Voltammetry is routinely used to analyze samples at the parts-per-million level and, in some cases, can be used to detect analytes at the parts-per-billion or parts-per-trillion level. Most analyses are carried out in con- ventional electrochemical cells using macro samples; however, microcells are available that require as little as 50 μL of sample. Microelectrodes, with diame- ters as small as 2 μm, allow voltammetric measurements to be made on even smaller samples. For example, the concentration of glucose in 200-μm pond snail neurons has been successfully monitored using a 2-μm amperometric glu- cose electrode.
The accuracy of a voltammetric analysis often is limited by the ability to correct for residual currents, particularly those due to charging. For analytes at the parts-per-million level, accuracies of ±1–3% are easily obtained. As expected, a de- crease in accuracy is experienced when analyzing samples with significantly smaller concentrations of analyte.
Precision is generally limited by the uncertainty in measuring the limit- ing or peak current. Under most experimental conditions, precisions of ±1–3% can be reasonably expected. One exception is the analysis of ultratrace analytes in com- plex matrices by stripping voltammetry, for which precisions as poor as ±25% are possible.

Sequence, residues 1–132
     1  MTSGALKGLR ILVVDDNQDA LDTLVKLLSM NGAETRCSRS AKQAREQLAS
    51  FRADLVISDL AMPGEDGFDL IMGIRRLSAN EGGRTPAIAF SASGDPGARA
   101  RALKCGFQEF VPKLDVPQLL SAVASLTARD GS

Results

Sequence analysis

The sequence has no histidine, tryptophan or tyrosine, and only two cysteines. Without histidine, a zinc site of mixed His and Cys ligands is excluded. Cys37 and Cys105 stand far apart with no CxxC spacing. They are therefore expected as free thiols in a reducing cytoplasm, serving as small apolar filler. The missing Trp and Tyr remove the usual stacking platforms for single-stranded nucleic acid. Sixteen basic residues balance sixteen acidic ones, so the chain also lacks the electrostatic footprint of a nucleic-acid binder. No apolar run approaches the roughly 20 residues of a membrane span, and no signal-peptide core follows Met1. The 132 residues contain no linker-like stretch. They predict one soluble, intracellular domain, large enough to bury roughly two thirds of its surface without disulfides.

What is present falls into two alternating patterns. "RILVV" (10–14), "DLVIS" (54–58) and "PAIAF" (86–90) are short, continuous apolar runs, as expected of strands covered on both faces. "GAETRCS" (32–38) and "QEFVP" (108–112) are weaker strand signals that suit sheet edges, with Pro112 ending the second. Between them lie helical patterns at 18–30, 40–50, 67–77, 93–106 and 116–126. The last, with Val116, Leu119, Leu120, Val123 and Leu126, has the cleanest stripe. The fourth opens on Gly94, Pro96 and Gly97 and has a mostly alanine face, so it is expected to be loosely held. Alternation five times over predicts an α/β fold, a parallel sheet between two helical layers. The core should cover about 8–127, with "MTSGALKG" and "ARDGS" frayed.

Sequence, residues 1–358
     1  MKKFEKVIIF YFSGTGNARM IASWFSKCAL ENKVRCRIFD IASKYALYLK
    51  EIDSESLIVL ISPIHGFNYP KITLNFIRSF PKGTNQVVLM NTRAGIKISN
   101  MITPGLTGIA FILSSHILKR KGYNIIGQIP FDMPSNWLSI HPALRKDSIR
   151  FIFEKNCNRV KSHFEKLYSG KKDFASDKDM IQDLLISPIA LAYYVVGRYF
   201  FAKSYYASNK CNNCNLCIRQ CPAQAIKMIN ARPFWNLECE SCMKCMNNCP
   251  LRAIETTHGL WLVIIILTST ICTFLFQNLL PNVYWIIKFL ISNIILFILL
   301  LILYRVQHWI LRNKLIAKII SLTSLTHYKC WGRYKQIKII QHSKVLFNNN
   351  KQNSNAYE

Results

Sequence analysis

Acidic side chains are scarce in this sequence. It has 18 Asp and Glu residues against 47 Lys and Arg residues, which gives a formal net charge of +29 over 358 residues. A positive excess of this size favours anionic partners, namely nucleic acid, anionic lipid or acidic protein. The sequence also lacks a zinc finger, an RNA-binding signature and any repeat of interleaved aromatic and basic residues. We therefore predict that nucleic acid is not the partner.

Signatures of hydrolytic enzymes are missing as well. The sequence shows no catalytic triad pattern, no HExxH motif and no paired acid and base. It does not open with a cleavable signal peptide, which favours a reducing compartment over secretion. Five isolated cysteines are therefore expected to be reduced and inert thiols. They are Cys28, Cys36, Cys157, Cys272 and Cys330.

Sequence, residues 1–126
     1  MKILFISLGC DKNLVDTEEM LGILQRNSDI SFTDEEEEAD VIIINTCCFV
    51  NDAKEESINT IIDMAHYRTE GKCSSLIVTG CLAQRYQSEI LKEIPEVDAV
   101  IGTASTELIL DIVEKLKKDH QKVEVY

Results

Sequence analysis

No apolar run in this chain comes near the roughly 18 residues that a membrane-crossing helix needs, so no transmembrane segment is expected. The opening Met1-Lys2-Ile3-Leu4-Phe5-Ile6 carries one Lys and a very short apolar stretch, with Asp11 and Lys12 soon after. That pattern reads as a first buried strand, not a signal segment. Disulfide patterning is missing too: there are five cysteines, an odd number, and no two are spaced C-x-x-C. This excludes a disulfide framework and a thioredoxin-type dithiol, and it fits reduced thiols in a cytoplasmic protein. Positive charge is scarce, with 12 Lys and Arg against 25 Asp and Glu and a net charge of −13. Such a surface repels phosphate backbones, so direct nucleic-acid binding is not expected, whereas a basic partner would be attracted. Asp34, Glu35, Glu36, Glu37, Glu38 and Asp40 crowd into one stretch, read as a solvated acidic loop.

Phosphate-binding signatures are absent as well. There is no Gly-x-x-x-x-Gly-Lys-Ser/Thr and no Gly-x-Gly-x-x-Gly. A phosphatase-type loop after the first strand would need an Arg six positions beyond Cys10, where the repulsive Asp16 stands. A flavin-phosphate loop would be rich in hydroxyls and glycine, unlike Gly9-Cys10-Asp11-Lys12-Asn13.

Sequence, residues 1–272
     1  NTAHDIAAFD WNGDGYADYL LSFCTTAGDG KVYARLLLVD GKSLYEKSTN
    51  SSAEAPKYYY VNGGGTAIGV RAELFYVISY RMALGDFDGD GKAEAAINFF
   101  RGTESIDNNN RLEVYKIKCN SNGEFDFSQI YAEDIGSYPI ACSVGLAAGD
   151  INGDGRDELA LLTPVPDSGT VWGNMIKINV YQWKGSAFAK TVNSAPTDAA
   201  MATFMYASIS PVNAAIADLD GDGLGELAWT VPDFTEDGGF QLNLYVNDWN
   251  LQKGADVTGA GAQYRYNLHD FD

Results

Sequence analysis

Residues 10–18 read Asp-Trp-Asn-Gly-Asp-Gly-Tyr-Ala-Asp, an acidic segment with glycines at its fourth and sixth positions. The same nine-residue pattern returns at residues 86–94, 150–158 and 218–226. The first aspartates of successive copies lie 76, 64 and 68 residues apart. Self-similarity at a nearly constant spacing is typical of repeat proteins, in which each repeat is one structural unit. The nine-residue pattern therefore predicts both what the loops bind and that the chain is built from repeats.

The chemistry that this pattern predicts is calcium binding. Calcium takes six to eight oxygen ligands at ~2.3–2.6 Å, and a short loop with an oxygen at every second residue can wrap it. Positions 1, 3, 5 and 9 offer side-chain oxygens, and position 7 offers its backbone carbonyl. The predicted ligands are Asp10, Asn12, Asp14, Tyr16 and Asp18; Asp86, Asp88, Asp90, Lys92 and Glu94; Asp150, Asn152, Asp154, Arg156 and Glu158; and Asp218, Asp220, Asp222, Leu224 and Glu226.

In many voltammetric experiments, sensitivity can be improved by ad- justing the experimental conditions. For example, in stripping voltammetry, sensi- tivity is improved by increasing the deposition time, by increasing the rate of the linear potential scan, or by using a differential-pulse technique. One reason for the popularity of potential pulse techniques is an increase in current relative to that ob- tained with a linear potential scan.
Selectivity in voltammetry is determined by the difference between half-wave potentials or peak potentials, with minimum differences of ±0.2–0.3 V re- quired for a linear potential scan, and ±0.04–0.05 V for differential pulse voltamme- try. Selectivity can be improved by adjusting solution conditions. As we have seen, the presence of a complexing ligand can substantially shift the potential at which an analyte is oxidized or reduced. Other solution parameters, such as pH, also can be used to improve selectivity.
Commercial instrumentation for voltammetry ranges from less than $1000 for simple instruments to as much as $20,000 for more sophisticated instruments. In general, less expensive instrumentation is limited to linear potential scans, and the more expensive instruments allow for more complex potential-excitation signals using potential pulses. Except for stripping voltammetry, which uses long deposition times, voltammetric analyses are relatively rapid.